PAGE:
I’m not sure it’s quite one-or-the-other. Just like how tools already support the requirements block this PEP proposes, at least one tool already supports import mapping [1].

And, bikeshedding on implementation aside, the big pros of scraping imports are that the metadata can’t drift from reality as far (remove an import and you removed a dependency, vs having to remember to remove the line at the top), and less duplication.

In the context of this PR, however, I do think it’s worth a section in the alternatives section that mentions even if such a tool was widespread, the proposal would still exist because …

  1. I’ll try and work on getting it standalone in the next week or so, to prove it’s easy and fast (thanks Rust!) ↩︎


I would be a soft +1 if the proposal was changed to use this and if we say that the comment MUST be at the end of the file.

I’m -1 on putting the block at the end of the file, so that’s not going to be in the PEP I’m afraid (no reason other than personal preference). If you prefer putting it at the end, you can, but it’ll be user choice, not mandated.

As to the other part of your point, what precisely do you mean by “this”? Presumably not cargo.toml :slightly_smiling_face: Do you want a full pyproject.toml embedded in the file? What’s the use case? If you need a full pyproject.toml, why wouldn’t you be able to use a project directory? The whole point of this proposal is that it’s aimed at “better batch file” simple scripts, where almost everything in the pyproject.toml makes no sense. If we say that we allow an “embedded pyproject.toml”, we’re bound to get users getting confused because not everything works (“I tried to set up a hatch environment for my script using tool.hatch.envs and hatch doesn’t recognise it”, or “I put a custom ruff config in and ruff is ignoring it”, or "I embedded the pyproject.toml for, and pip won’t build it, …).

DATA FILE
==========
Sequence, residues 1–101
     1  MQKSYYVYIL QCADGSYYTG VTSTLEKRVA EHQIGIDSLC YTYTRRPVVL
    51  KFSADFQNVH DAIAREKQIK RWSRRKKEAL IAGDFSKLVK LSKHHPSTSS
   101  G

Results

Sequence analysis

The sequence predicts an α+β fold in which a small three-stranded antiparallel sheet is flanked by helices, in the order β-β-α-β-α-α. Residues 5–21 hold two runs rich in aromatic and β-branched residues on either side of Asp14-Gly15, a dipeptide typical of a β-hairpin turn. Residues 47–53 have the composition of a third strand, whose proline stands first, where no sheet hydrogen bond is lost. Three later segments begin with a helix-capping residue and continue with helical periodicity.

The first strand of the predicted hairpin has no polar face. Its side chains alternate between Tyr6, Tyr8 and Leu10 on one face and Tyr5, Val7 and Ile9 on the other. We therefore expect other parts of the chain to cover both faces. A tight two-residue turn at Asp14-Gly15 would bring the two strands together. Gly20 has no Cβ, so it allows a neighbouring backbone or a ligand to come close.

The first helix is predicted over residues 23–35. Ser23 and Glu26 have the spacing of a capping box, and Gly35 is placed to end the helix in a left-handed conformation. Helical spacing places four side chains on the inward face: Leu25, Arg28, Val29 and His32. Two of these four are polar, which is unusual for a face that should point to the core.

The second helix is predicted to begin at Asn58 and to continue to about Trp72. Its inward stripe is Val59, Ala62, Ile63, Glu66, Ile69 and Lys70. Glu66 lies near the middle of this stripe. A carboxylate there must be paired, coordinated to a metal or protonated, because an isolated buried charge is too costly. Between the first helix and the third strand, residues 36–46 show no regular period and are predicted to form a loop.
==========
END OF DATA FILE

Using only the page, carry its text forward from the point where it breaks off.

The rust example is slightly misleading, because as a compiled language Rust has to do a build (even for running a single-file script) so having a build config file is reasonable.

So what exactly are you proposing we embed here?


For context, I’m the author of Rust eRFC #3424 for integrating single-file package support (including dependencies) into cargo.

The rust-script syntax that was given is for embedding the manifest / Cargo.toml directly into the file by using a markdown code fence in the module’s doc comment. Using #! would not be equivalent in Python but putting it in the module’s doc comment and using … rST? markdown? syntax for a literal block. However, we are concerned about taking that approach because we are wanting allow people to do this with libraries and then we dirty up people’s documentation with implementation details.

My Pre-RFC contains a lot of details for different trade offs for different ways of embedded manifests or lockfiles (more equivalent of this proposal) within files, particularly the Unresolved Questions section.

Some relevant thoughts

  • Bug reports and educational material are very big use cases in my mind.
  • We’ve also gotten a lot of feedback about process overhead with having smaller packages, so we are looking at supporting this for libs and supporting publishing them. In Python terms, this would be to have pyproject.toml support
    • However, we have a lot more opinionated of a build system which makes it easier to default a bunch of fields to make the syntax overhead is low
  • Most likely, tooling will want to edit and not just read, so consider that workflow as well

I have a similar app in this space, viv (repo), that helps me solve this one-off dependency scenario for python scripts.

If PEP722 is accepted and the format remains simple to parse (without the need for a format parser like toml) I will add support for it as well.


Yes, I think that’s true and your summary of what various tools would do with the information is good.

It is for the PEP as I don’t see Paul suggesting two different formats be simultaneously standardized and supported. :wink: